The 2.0 web is heralding massive challenges for today's Enterprise customer. But, who is that customer? Is it the Enterprise buyer with an IT budget? Is it the line of business executive who says, "Screw IT; let's do this" and rolls his own social computing platform by hiring a half dozen open source developers? Is it the departmental user who pays for a wiki with her credit card, recruits her team members and evangelizes on working a different way? The answer is: yes, it's all of these, and no (unfortunately) it's none of these.
The sad reality for all of us social web lovers is there is a lot of experimentation in the Enterprise, but the "market" is still not even on the beach, let alone ready to dip its toes in the chilly water.
I read with some surprise Steve Gillmor's grand poetic soliloquy this morning on the revolutionary effect the new Friendfeed design would have on enterprise computing. I wasn't alone. Jevon MacDonald reacted with this tweet , "How's this for drinking the Kool-aid?" And Lee Bryant, founder of leading Enterprise 2.0 consultancy Headshift soon replied with, "@jevon wow - that sounded more like acid than kool-aid."
It's easy to be snarky on Twitter, but those of us who've been carrying an e2.0 bag in large G2000 corporate environments look a lot more like Willy Loman than Paul McCartney inside the Enterprise. It's been a tough journey trying to evangelize the troops. That being said, Gillmor's piece this morning reminded me of an incident I witnessed first hand in 1988. I was sitting at a dinner table with Bill Joy, Mitch Kapor, Dan Bricklin, and a host of other pre-Web luminaries the night before Steve Jobs was about to announce the "NeXT" computer. Joy snarled, "Oh, Steve's new computer will teach the blind to see, the lame to walk..." Well, Bill Joy was correct about the hype over NeXT computer, but he was wrong about how Apple would get the elegance, simplicity and design of personal computing right. So, Gillmor may be wrong to gush over the import of Friendfeed's redesign, but he is probably right about how innovations on the social web will eventually change computing in the enterprise.
Yet, the future is not now. Now is now. Gil Yehuda, an Enterprise 2.0 management consultant and former analyst, who has been conversing (in oxygen, not digits) with large global enterprises, characterizes the understanding of new web 2.0 tools as "obscure." He says, "Enterprises have bigger issues today. The reality is the majority of enterprises are running on ten-year old technology and 20-year old management practices." Yehuda describes the disconnect between the inside-baseball hype on 2.0 and the reality as the "long neck phenomenon" where a head of innovators is separated from a body of practitioners. Gil's experience jibes with my own. My friend and former colleague, Keri Pearlson, has described incidences where she would introduce Twitter to Enterprise clients and they'd ask how to spell it; once they typed it in properly, they'd discover the firewall blocked access to it. Twitter discussion over.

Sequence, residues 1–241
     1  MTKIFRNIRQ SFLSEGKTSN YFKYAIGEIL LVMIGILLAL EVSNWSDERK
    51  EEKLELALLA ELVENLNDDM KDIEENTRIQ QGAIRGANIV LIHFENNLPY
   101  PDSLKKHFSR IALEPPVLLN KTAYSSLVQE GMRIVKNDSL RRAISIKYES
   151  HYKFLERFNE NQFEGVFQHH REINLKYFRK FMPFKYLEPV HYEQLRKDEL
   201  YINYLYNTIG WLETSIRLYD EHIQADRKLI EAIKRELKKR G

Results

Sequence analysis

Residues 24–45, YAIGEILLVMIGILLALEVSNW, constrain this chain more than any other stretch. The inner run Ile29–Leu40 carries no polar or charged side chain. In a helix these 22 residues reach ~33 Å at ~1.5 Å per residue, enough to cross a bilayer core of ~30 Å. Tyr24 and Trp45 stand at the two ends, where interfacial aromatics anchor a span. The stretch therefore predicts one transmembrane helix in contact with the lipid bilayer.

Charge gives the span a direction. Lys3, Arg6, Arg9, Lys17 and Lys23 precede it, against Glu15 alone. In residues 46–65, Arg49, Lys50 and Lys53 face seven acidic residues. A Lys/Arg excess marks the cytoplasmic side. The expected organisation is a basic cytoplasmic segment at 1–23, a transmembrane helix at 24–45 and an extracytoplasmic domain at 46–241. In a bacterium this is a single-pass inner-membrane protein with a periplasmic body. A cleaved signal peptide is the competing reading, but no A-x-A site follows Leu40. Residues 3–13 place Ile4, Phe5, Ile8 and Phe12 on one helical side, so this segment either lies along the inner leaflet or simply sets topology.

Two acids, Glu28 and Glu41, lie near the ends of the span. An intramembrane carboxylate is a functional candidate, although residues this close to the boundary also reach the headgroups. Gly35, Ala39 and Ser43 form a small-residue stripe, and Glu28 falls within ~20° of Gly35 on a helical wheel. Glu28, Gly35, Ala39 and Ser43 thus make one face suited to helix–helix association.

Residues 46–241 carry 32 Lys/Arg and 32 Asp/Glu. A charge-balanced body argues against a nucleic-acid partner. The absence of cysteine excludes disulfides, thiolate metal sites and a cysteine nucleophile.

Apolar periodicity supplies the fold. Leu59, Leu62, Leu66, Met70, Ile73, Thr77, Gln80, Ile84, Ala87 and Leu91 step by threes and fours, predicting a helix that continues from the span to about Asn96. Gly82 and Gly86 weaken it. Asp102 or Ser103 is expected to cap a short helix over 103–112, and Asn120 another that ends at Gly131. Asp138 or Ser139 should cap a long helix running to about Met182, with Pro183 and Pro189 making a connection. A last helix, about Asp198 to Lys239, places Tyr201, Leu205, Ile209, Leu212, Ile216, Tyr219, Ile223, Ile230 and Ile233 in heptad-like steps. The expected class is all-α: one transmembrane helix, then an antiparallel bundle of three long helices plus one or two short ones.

And then there's the economy. Pete Fields, Sr. VP at Wachovia, who led Wachovia to social computing last year, points out that in the current economic climate, risk aversion stands to slow, even further, non-traditional experimentation. "While next-gen type technologies don't carry the same kind of risks as credit default swaps or margin risks, the sense of reining back in on the risk front is pervasive. It affects our tolerance for risk across a lot of dimensions."
The good news is that there has never before been so much interest in social computing in the Enterprise. Not the least of which is coming from the enterprise vendors. We will see major announcements coming from the enterprise behemoths Microsoft, IBM, SAP, and Oracle this year. But as I've said before, it's like turning around a battleship among speedboats.